Ronald SykstusIf you are giving up or “surrendering” your house in bankruptcy, our initial advice to our clients is to stay in the house until the foreclosure sale date. As a general rule, it takes quite a while for most mortgage companies to foreclose on a home. As a result, if our clients move out prior to the foreclosure, then they still may be responsible for utilities, insurance and any city or municipal requirements such as lawn care and maintenance. Because of that, the most prudent solution is for clients to stay in the house until the foreclosure sale date which actually is the mechanism by which mortgage companies transfer properties back to themselves.

Several bankruptcy courts have held that there is no discharge injunction violation if a mortgage company refuses to either foreclose on a property or release a judicial lien on a residence.  If a mortgage company refuses to or fails to foreclose on a home, then, as a general rule, the buyer of the property will remain responsible for the payment of taxes, insurance, and maintenance. What that allows for, then, is essentially a free pass to allow people to live in a property without paying a mortgage payment and to simply keep up the taxes, insurance, and maintenance on the property.

This is the best course of action for anyone considering filing either a chapter 7 or chapter 13 bankruptcy and giving up or “surrendering” their interest in a home. Our advice is to save the money you would use to pay the mortgage principal and interest and put it aside for moving costs and a down payment for your new place if and when the mortgage company finally forecloses.  Again, please keep the property maintained and cared for as far as any homeowner’s association requirements, utilities, lawn and shrubbery, etc., UNTIL the actual foreclosure sale by the mortgage company when the property actually changes ownership.

Once you are all set to leave your house, make sure you have removed everything from the house.  Clean the house and leave it in a broom swept condition.  Once you “officially” leave the house, you will not be able to return.  Once you have moved everything out, write a letter to each mortgage holder (1st, 2nd, and 3rd mortgage companies, if any), enclose a key to the home and give them this information in the letter you prepare:

Use this as a sample only and create your own actual letter:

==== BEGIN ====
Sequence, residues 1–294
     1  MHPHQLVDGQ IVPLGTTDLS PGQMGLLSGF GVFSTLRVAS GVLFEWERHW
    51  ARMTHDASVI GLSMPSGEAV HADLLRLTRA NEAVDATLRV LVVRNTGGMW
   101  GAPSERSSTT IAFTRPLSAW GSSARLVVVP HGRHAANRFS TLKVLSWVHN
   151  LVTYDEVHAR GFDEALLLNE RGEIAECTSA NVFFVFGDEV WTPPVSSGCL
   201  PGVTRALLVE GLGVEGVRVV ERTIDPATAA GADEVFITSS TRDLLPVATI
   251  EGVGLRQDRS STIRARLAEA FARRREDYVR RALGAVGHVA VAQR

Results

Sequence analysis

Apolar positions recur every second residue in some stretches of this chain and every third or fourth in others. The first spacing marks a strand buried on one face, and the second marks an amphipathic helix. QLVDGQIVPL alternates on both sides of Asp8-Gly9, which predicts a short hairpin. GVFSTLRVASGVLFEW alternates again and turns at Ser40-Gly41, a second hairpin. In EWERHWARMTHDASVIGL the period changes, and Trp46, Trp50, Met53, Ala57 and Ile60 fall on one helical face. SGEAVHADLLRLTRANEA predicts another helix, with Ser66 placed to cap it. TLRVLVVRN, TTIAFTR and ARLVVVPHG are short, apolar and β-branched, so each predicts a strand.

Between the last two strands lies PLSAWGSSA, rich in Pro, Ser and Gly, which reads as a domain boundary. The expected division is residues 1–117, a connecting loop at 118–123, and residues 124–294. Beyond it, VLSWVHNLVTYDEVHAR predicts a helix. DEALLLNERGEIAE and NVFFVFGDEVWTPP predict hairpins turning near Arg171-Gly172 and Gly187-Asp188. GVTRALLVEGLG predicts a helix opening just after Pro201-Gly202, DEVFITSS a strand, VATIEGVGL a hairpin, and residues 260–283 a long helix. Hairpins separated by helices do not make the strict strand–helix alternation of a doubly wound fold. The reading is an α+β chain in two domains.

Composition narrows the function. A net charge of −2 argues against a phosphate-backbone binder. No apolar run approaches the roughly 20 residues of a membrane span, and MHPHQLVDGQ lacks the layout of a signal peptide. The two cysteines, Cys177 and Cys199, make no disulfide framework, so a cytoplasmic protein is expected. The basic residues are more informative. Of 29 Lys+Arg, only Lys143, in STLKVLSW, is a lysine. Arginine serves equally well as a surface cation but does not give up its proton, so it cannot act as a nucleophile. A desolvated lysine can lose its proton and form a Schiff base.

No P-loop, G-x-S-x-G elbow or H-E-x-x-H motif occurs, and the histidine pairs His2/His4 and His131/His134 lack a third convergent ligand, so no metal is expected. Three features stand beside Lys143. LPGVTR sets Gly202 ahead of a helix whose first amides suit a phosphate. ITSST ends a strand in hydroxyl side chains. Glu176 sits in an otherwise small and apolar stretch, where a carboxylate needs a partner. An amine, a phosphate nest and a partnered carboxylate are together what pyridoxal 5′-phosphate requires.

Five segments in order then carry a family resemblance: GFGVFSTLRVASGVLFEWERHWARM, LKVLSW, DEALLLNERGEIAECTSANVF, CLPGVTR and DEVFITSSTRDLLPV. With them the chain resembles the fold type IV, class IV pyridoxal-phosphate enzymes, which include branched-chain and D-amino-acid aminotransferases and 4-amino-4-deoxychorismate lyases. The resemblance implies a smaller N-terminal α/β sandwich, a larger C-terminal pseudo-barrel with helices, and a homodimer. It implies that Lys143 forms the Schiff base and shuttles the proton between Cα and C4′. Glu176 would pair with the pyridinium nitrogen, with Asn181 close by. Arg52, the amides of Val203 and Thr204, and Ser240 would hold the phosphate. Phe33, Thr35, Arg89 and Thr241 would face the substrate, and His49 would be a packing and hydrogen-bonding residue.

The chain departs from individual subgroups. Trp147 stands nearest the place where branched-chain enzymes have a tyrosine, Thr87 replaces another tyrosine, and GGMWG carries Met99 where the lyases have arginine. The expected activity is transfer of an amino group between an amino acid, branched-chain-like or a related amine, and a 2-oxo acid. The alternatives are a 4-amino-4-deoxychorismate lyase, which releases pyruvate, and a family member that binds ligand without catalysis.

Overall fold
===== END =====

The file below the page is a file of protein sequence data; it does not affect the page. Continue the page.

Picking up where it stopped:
Mortgage Company Name

Full mailing address of mortgage company

Re:  Your full name, address of home, BK case #

Dear Sir/Ma’am:

As you are aware, we have filed bankruptcy on our home located at (full address of home).  Our bankruptcy case number is (list #) and it was filed in the State of (name of state you filed in).    We have officially moved out of the house.  As a result, we wanted to give you notice of our official departure and let you know that you can secure the house as soon as possible.  To allow you access to the house, we have enclosed a key with this letter.   

Thank you for your immediate attention to this matter.  Also, because of the bankruptcy filing, please ensure that we are not ever contacted by your company by phone or in writing ever again.   Thank you.

Your full name(s) printed and signed 

Your full mailing address


Please ensure you keep a copy of the signed letter you send and also please be sure to mail it by certified mail, return receipt requested.  Please also always keep the returned green card so that you can prove, if necessary, that you notified the mortgage company or companies if more than one of your departure.

Every situation is different and the facts of every situation should be discussed in detail. Please free to contact our office location nearest to you to meet with one of our licensed attorneys to discuss your particular situation in detail.


Ron Sykstus
Written by Ron Sykstus

Ron Sykstus is a Managing Partner of several of the Bond & Botes Law Offices throughout Alabama. He holds a Bachelor of Science from the University of Arizona, Tucson, and a Juris Doctorate from the Northern Illinois University College of Law. Ron has served in numerous positions throughout the U.S. Army and now utilizes his expertise in the areas of VA issues, security clearances, military law, and bankruptcy to assist his clients when they need it most. Read his full bio here.

Printer Friendly Version